Montblanc's new creative director highlights the power of the written word

Marco Tomasetta, Montblanc’s new creative director, holds up one of the brand’s Meisterstuck writing instruments. “This is the total code,” he tells me. “The total DNA.”

The Meisterstuck is a distillation of Montblanc’s know-how, history and heritage. It is, says Tomasetta, “an icon”, something that only a handful of luxury brands have succeeded in creating. “It is very difficult to create icons. Maybe four brands have a truly iconic symbol. This is the reason I am here. It is so strong.”

First unveiled in Hamburg in 1924, the Meisterstuck has been a companion for scholars, scientists, poets, artists, statesmen, creatives and industry leaders for almost a century. While the writing instrument has been reimagined in various guises since its launch, every nib continues to be hand-sculpted from solid gold by master craftsmen in a painstaking 35-step process, and an additional 70 steps are required to assemble and test it.

Tomasetta’s first Meisterstuck was a gift from one of the creative directors he worked with early on in his career. The pen was a catalyst for his decision to join Montblanc in March last year, and is the bedrock of his creative vision for the house moving forward.

In his exuberant Italian way, Tomasetta speaks of “the emotion of working with a brand that has a very strong identity that is linked to writing, which is such an important topic, connected to education and to literacy. When you write and when you draw, the connection is very different to when you type on a computer. Writing is powerful.”

He hopes to pass this message on to a new wave of luxury consumers. “I want to communicate to a new generation and convey a very important message: we need to continue writing, regardless of new technologies. When we write with a Meisterstuck, we are more authentic than when we type on WhatsApp.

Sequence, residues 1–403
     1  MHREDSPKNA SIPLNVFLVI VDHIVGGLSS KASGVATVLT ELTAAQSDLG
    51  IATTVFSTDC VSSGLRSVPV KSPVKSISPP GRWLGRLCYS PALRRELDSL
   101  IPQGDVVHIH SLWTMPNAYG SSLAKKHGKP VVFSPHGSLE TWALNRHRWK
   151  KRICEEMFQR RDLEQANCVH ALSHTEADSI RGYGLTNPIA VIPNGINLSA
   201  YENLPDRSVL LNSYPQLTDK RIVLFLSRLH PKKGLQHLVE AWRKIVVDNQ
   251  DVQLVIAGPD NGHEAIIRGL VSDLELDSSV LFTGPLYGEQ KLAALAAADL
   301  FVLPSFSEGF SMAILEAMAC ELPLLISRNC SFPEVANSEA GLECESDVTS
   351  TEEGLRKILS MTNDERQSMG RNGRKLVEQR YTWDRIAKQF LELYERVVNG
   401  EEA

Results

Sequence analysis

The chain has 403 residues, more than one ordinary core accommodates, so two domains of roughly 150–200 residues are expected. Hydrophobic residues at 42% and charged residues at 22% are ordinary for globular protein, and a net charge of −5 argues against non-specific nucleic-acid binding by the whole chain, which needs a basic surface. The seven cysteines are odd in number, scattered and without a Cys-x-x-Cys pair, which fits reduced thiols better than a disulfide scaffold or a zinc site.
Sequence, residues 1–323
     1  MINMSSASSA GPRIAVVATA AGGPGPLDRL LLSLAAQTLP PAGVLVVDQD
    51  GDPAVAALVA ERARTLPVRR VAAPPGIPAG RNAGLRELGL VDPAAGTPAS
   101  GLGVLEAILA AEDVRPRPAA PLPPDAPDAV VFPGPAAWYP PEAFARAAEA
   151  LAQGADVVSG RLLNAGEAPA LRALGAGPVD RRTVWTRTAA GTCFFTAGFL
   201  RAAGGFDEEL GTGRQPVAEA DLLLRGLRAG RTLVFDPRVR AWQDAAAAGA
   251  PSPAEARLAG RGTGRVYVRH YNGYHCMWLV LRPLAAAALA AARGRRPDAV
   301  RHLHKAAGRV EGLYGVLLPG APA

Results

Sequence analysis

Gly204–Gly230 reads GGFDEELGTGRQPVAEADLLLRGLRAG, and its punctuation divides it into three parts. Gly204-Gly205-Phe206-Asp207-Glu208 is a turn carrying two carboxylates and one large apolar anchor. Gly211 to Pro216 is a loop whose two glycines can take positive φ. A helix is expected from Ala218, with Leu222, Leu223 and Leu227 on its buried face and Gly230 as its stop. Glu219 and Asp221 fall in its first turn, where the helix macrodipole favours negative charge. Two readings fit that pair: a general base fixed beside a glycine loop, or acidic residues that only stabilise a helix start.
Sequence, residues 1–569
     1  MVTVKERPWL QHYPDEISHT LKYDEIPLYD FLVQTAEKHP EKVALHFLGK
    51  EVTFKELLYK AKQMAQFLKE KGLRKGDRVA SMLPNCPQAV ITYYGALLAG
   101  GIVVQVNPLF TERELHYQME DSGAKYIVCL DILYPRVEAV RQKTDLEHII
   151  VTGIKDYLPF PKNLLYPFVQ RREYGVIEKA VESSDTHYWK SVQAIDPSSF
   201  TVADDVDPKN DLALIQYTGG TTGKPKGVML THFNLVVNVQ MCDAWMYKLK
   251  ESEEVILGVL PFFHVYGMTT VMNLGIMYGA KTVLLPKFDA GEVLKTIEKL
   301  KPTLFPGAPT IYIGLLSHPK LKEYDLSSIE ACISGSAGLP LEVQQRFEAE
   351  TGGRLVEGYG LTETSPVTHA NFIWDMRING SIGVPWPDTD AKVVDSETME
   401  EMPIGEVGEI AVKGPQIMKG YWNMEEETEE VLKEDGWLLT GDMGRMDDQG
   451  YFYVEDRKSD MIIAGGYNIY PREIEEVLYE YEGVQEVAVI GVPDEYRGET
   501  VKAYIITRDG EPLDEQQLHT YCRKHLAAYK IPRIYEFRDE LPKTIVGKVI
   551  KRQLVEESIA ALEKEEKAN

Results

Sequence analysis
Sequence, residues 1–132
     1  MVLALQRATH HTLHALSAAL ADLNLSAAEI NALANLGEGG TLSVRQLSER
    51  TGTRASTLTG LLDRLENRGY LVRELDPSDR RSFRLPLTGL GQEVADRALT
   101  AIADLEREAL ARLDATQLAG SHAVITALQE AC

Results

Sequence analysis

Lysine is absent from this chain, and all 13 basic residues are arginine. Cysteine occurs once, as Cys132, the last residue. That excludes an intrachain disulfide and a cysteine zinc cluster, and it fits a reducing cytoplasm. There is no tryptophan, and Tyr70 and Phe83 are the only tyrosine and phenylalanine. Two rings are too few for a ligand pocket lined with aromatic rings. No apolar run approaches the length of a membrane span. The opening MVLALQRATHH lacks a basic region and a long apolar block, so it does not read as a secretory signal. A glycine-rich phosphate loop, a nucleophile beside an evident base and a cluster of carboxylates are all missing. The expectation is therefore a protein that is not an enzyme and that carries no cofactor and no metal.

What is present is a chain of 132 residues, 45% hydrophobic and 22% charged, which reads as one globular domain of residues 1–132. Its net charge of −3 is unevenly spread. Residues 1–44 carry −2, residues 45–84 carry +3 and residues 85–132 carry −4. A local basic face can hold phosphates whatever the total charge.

"And I am taking this message of writing on to the leather goods. My message is very translatable. It is the thread that runs through the entire collection.”

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The idea of authenticity is key for Tomasetta. Emblazoned across his forearm is a tattoo of the Latin phrase “omnia vincit amor”, or love conquers all, and it is clear that emotion is the driving force behind his creative output. “In fashion, there isn’t that real connection,” he says. “Every season, every collection, you change. Whereas here, at Montblanc, you have a very strong, authentic story.”

The industry veteran has worked at Prada, Chloe, Louis Vuitton and, most recently, was creative design director for men’s and women’s leather goods at Givenchy. A graduate of the Instituto Europeo di Design in Milan, he started his career at Dolce & Gabbana (“Stefano and Domenico were my school,” he says) and cites Coco Chanel as the ultimate creative. “For me, she is the best designer in the world. She is a complete designer. She created bestsellers in every category, from perfumes and bags to dresses and jackets,” he says.

Montblanc's new creative director highlights the power of the written word

It is clear that Tomasetta has also set out to create something that endures — his equivalent of the Chanel 2.55 bag. His first leather collection for Montblanc arrived in stores this month and his imprint and vision are already crystal clear.

For his debut, he revisited Montblanc’s existing Meisterstuck Leather Collection, imbuing it with new shapes, finishes and details that promise to become house signatures. Much of his inspiration was drawn from the Montblanc archive.

“I went very deep into the archive. It is so beautiful. Imagine, more than 100 years of history. I could stay there for ever,” he says. “There is infinite inspiration there.”